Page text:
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IBIS
Posts: 1,735
Registered: ‎11-22-2006
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Re: sara palin

ReaderJane, where did you get the idea that she is wealthy?

IBIS
IBIS

"I am a part of everything that I have read."
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Everyman
Posts: 9,216
Registered: ‎10-19-2006
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Re: Elderly politicians. Health care.

[ Edited ]

The point of our discussion was concern about older politicians running for high office.  National statistics that lump everyone together are simply not relevant to that discussion.  As I accurately pointed out.

 


Choisya wrote:

Looking at overall raw numbers is much too simplistic, Jon.Our populations are quite different.  In order to get an accurate comparison between two countries, rather than just looking at the total population you need to look at longevity statistics for different groups, and then factor he longevity and size of those groups into the final figure.  We tend to have larger numbers of those groups which have shorter longevity times, pushing down our national average relative to other countries.  

 

Not simplistic at all.  Yours is a statistically inaccurate way of looking at longevity. All groups are taken into consideration by the WHO when measuring national averages and necessary adjustments are made by statisticians when looking at different countries.  (The figures Jon gave were from the WHO statistics which also show infant mortality per 1000 live births in 2008 as 6.30 in the US and only 4.93 in the UK.)

 

If you have 'larger numbers with shorter longevity times' you must ask why - are you talking about immigrants, for instance, because the UK has a larger proportion of immigrants from the developing world than does the US.  One reason, beside health care, longevity is affected in the US is that the size of families are generally larger and this has always been a factor in life expectancy. This may be because of ethnicity and/or religion.  Whatever the reason, it is a fact that life expectancy is lower in the US than in the UK and most commentators accept that universal health provision has had a positive affect on this in the UK. Why else do we try so hard to increase health provision in developing countries?  Why else do many countries try to reduce birth rates?  The fact that every child in the UK has free milk and access to regular health care from birth and throughout its school life and that elderly people get free flu and pneumonia jabs, free hip, knee and heart replacements etc MUST have an effect on longevity. Free birth control measures are also available on the NHS which, in turn, has an effect on the size of our families and therefore on infant mortality statistics.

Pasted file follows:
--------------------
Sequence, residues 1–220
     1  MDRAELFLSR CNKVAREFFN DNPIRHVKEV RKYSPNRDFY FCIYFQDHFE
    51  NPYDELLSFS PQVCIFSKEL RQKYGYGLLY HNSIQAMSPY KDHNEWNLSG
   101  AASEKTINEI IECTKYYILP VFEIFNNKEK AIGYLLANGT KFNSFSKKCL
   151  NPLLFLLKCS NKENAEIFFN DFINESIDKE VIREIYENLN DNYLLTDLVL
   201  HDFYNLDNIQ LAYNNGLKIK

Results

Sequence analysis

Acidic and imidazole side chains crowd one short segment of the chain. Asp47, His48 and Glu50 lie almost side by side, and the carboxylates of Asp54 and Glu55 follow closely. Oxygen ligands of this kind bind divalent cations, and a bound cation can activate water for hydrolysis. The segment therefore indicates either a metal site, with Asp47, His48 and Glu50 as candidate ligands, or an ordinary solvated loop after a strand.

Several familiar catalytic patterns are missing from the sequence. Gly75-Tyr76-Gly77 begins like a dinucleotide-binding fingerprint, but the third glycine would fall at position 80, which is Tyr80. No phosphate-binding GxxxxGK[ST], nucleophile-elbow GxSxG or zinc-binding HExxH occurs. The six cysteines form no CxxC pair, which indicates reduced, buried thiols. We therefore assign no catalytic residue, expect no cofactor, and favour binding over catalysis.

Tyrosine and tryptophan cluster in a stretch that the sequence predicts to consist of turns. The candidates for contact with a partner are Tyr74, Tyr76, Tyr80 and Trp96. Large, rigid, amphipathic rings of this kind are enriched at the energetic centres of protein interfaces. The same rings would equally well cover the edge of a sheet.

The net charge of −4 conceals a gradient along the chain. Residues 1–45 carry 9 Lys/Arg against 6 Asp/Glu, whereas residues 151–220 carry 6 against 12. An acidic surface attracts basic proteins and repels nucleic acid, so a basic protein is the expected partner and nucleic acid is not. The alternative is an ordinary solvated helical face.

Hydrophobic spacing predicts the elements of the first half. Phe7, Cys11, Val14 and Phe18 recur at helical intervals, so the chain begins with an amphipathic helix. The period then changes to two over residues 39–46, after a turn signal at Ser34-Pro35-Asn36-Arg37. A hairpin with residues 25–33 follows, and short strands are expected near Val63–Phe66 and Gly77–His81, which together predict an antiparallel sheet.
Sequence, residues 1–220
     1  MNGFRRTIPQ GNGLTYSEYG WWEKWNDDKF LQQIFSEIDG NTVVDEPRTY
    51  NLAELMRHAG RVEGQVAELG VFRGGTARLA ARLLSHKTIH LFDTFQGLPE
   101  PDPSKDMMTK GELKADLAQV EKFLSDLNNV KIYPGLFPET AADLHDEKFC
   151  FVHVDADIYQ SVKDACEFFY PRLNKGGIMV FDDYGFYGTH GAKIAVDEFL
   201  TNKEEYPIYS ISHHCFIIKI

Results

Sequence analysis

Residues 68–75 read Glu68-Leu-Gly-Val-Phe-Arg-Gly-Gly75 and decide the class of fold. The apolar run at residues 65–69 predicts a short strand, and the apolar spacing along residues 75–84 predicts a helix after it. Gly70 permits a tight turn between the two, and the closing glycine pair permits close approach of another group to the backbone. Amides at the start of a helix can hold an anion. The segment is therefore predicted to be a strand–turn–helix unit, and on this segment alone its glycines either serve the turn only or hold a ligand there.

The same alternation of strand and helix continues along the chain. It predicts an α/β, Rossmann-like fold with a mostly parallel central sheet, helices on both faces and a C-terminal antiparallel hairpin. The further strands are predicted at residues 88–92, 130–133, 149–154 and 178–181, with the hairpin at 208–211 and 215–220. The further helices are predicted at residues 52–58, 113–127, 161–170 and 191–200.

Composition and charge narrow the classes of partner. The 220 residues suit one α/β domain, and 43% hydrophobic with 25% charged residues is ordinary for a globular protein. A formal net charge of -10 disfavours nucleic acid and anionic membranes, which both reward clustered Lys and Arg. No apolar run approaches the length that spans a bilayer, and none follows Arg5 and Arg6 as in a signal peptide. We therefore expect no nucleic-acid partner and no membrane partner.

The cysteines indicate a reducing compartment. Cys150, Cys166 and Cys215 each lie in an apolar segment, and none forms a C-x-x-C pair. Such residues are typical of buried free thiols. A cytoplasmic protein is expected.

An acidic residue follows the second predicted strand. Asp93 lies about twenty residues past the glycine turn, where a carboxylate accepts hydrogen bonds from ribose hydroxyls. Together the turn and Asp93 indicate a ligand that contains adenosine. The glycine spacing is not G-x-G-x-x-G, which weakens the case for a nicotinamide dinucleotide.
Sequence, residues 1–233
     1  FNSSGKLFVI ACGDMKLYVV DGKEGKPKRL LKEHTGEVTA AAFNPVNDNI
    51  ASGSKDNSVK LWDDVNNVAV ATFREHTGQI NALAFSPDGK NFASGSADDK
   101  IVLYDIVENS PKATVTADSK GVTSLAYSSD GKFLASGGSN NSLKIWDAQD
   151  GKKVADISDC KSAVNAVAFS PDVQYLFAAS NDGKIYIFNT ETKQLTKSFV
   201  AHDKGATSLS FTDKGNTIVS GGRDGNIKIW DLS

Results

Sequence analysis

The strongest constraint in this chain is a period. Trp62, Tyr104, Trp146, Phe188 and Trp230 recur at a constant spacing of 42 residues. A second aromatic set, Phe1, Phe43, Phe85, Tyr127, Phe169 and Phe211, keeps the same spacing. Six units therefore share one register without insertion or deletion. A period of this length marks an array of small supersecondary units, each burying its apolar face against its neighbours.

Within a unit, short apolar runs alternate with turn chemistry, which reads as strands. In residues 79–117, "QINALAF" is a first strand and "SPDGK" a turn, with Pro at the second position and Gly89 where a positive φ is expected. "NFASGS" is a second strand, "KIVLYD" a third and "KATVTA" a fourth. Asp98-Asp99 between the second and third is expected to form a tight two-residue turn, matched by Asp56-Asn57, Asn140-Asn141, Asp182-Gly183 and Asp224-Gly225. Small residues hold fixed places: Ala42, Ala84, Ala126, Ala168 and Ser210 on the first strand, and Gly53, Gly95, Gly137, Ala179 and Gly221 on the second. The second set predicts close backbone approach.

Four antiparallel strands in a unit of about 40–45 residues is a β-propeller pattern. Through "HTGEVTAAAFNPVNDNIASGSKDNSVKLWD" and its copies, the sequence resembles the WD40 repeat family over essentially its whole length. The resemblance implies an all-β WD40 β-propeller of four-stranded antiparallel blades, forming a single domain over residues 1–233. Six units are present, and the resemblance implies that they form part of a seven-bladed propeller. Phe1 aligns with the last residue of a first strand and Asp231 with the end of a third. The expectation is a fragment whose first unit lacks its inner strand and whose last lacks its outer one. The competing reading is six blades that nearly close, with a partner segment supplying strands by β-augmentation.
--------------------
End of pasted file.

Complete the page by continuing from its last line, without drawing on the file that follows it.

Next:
Incidentally, the European Union is now showing 6.38 for infant mortality because there has been a significant increase of deaths in childbirth since the Eastern bloc joined the EU. Again, this is because family sizes are larger and their health provision is not yet 'up to scratch'.  As with Spain, Portugal and Southern Ireland, the EU will make grants available for improving health provision and in due course I would expect to see that figure to be nearer the UK one, although ethnicity and opposition to birth control may keep it higher.        

 

 

 


Everyman wrote:

Looking at overall raw numbers is much too simplistic, Jon.  Our populations are quite different.  In order to get an accurate comparison between two countries, rather than just looking at the total population you need to look at longevity statistics for different groups, and then factor he longevity and size of those groups into the final figure.  We tend to have larger numbers of those groups which have shorter longevity times, pushing down our national average relative to other countries.  

 

Actually, since the issue raised here was about about older politicans seeking high office, you need to look at that group.  You have to knock out infant mortality, adolescent mortality, etc.  Those people don't get to run for office in their 60s or 70s. 

 

So you need to look at people who have already reached, say, 60, are presently in good health (people in bad health don't run for high office), with a significant degree of wealth (people with no wealth don't run credible campaigns for high political offices).  When we talk about the issue of age in those seeking high political office, then, what is really at issue is the longevity expected by this group of people, not by the general population.